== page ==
The Nord Stream 2 natural gas pipeline from Russia to Germany might not begin operations until the first quarter of 2021, Russian President Vladimir Putin said, signaling a possible further delay to the controversial project.
Speaking at a press conference alongside German Chancellor Angela Merkel in Moscow on Jan. 11, Putin said the pipeline project, which has a gas transportation capacity of 55 billion cubic meters, or Bcm, would still be completed without the need for international assistance.
"Completion of the construction [of Nord Stream 2] will be delayed by several months," Putin said at the press conference, which was posted to the Kremlin website.
"But I hope that by the end of this year, or in the first quarter of next year, work will be completed and the pipeline will begin to work," he said.
Previously, Russian Energy Minister Alexander Novak said the pipeline would be operational by the end of 2020.
Just 160 kilometers of the total length of the 2,460-kilometer, two-string line is left to lay, after contractor Allseas halted pipe-laying work due to U.S. sanctions signed into law in mid-December 2019 that threatened measures against companies that are helping to build the project.
Russia is expected to fit out a pipe-laying vessel of its own, the Akademik Cherskiy, to lay the final kilometers of the pipeline.
"We will undoubtedly be able to complete it on our own, without bringing in foreign partners," Putin said. "The question is timing. This is the only question that comes up on this."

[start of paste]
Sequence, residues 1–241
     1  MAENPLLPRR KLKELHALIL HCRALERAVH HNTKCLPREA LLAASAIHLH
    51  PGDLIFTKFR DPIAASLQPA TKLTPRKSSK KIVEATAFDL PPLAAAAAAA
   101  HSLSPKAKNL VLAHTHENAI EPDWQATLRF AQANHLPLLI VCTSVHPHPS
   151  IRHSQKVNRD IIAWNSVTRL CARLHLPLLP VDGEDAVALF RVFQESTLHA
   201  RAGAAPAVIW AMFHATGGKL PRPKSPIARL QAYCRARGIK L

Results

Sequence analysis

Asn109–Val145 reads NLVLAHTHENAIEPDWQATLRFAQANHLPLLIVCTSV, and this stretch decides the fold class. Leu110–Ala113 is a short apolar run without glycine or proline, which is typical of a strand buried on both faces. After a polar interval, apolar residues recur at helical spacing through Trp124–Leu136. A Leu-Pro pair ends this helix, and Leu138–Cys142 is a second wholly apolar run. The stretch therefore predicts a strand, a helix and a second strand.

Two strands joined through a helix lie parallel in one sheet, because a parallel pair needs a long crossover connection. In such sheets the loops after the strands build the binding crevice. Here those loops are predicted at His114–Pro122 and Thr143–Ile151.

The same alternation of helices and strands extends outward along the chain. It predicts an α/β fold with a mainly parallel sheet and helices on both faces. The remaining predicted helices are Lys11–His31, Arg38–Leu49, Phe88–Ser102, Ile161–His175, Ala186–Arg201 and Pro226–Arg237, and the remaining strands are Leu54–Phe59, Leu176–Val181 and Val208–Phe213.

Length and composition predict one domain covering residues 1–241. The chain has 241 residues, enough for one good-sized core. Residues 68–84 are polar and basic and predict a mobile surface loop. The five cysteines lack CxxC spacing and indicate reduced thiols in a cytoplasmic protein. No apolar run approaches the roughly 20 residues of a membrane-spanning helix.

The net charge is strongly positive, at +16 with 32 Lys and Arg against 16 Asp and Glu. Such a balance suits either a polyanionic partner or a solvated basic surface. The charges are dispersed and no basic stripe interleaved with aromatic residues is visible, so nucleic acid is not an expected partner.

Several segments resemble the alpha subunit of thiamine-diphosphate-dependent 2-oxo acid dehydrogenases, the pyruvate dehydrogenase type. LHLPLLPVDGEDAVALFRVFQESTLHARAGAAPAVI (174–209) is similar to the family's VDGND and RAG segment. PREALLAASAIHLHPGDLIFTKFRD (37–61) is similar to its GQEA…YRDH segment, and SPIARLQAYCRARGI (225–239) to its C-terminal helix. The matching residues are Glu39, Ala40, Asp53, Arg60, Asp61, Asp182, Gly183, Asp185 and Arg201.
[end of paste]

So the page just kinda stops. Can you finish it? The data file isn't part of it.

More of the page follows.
Nord Stream 2 — which has been criticized by the European Commission, the U.S. and countries in Eastern Europe as a gas transportation solution that focuses too much European gas import capacity on one route and one source — will double the Russia-Germany subsea gas export corridor to 110 Bcm/year.
Nord Stream 2 was originally expected to come online by the end of 2019 to coincide with the end of PJSC Gazprom's 10-year gas transit agreement with Ukraine's Naftogaz. If authorities in Denmark had not waited until the end of October 2019 to award a permit for construction in its waters, the pipeline would likely already be completed.
That would have given Moscow considerably more leverage in its negotiations with Ukraine over a new gas transit deal too. But with Nord Stream 2 delayed, Russia agreed to a new five-year gas transit deal with Ukraine late in December 2019.
Under the deal, Gazprom has agreed to transit 65 Bcm of Russian gas via Ukraine to Europe this year.
"Postponing the commissioning of Nord Stream 2 is unlikely to affect Gazprom's exports in 2020, given that the company signed a new gas transit contract with Ukraine," analysts at VTB Capital said Jan. 13.
"We calculate that Gazprom might have to supply some 75 Bcm through Ukraine in 2020 in the absence of the Nord Stream 2 pipeline," they said.
A Russian expert has said the gas policies of Putin indicate that the country will increasingly focus on competing for world LNG market share and minimizing the role of Gazprom.
Stuart Elliott and Rosemary Griffin are reporters with S&P Global Platts. S&P Global Market Intelligence and S&P Global Platts are owned by S&P Global Inc.